Jon Allanson  


The Buttermere Pines by Jon Allanson

May 2022 - The Buttermere Pines

May 2022 - Jon Allanson

Original

About the Image(s)

These pine trees stand at the east end of Buttermere, in the English Lake District. Taken on a dull morning in March this year, on a Fuji GFX 50Sii with GF 100-200mm lens at 200mm, 1/125th, f16, ISO 400 on a tripod. The water was straightened up in Lightroom and some basic adjustments made. In Photoshop the water was darkened and the contrast and saturation increased on the trees and distant hill. The image was then heavily cropped to concentrate attention on the trees. It has also made an excellent image when converted to mono.


9 comments posted




Jack Florence Jr   Jack Florence Jr
(Groups 66 & 86)
Your composition has taken this beyond what might have been an ordinary scene with so so light. The three layers with the water, trees, and the mountains with stream come together nicely. Well seen, Jon.   Posted: 05/02/2022 17:49:03



Lauren Heerschap   Lauren Heerschap
I would like to see the monochrome of this shot, I don't think the green and brown help much; my bet is that the shapes of the trees would come out even more interesting in monochrome.   Posted: 05/08/2022 11:08:32
Jon Allanson   Jon Allanson
Here is my mono version of the image, if think it will be better printed on a metallic paper as that will help make the trees stand out more. it all depends on how light the grass and bracken on the hillside are converted.   Posted: 05/09/2022 02:42:24
Comment Image
Lauren Heerschap   Lauren Heerschap
How did you convert it to mono? I think that the black on the trees could be lightened for more information and look less clumpy - Silver Efex Pro is what I use, but there are other programs. I still like it better in monochrome.   Posted: 05/09/2022 10:59:33
Jon Allanson   Jon Allanson
I virtually never use Nik filters as I have seen too many images spoilt by using the presets at too high a strength. All my mono conversions are done by using a stack of masked black and white adjustment layers. I usually start with the sky if present ,or the main subject ,then build around them the rest of the tones as required. This system gives me a lot of flexibility and the ability to keep making minor adjustments to the tones as required.   Posted: 05/10/2022 03:16:40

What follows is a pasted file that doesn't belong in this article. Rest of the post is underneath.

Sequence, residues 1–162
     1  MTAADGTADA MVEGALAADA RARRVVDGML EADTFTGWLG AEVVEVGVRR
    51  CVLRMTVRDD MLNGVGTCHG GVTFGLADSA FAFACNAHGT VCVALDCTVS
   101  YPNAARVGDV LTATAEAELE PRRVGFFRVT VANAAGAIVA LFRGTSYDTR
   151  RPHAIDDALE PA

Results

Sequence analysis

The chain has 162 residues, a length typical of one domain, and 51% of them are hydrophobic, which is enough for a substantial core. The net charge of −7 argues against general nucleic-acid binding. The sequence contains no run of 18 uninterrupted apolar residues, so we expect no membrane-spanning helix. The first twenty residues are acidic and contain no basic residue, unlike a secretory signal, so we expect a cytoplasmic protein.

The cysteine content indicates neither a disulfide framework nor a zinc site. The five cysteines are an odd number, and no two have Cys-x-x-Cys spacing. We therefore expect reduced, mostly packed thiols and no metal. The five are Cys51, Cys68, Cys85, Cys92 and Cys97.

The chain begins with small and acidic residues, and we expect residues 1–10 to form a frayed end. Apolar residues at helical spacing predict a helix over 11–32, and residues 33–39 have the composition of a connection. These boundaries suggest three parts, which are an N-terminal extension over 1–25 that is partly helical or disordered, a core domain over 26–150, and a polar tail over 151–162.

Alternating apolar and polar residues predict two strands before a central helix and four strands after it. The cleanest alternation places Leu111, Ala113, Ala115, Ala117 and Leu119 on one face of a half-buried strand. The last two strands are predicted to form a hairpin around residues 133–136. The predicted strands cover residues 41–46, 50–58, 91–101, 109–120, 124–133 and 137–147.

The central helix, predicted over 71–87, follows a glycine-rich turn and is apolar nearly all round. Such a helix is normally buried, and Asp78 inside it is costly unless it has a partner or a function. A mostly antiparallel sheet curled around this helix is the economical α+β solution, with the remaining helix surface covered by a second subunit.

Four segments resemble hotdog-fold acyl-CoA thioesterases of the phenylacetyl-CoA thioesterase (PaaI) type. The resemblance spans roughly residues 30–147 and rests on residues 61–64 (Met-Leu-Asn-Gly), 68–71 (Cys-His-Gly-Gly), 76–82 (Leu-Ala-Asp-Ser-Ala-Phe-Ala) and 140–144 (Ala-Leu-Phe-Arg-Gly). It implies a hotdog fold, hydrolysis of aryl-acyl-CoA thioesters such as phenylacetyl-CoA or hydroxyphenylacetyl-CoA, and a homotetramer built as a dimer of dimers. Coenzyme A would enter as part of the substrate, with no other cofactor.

Lauren Heerschap   Lauren Heerschap
I would suggest that you go back to one of the layers and get the information on the tops of the trees. They look like black clumps.   Posted: 05/10/2022 10:58:39
Jon Allanson   Jon Allanson
Now I have had time to go back to my mono print file the information was there with quite a lot of detail on the foliage of the pine trees. I am not surprised they do not come across as they should, as the original file was PSD at over 6000 px wide. What you have been looking at was a 1200px version at JPEG level 6, so the reduction in both size and quality greatly de-grades the image.   Posted: 05/24/2022 03:07:27



Becca Cambridge   Becca Cambridge
The post processing definitely made the photo pop. I like the leveled cropped lake. I like the diagonal slope to the left.
I don't think black white would add to this. The color is what I like about this photo. I might do a further crop off the right side so that the stream aligns on the right third line of the grid.
Well, not sure the trees look like black clumps but maybe some more variation of color couldn't hurt.
Oh, how I'd love to see a dull March morning in your area. Someday. Thanks for sharing until I can see in person.   Posted: 05/16/2022 17:30:59



Brad Ashbrook   Brad Ashbrook
A very nice job on the post processing, you have really brought out a lot of detail and color to create a lovely image. The advantage to the color, the water stream down the hill stands out a little more and shows the subtle variations on the side of the hills. Perhaps crop a little more off the bottom, the water doesn't really add a whole lot.   Posted: 05/24/2022 14:01:05



 

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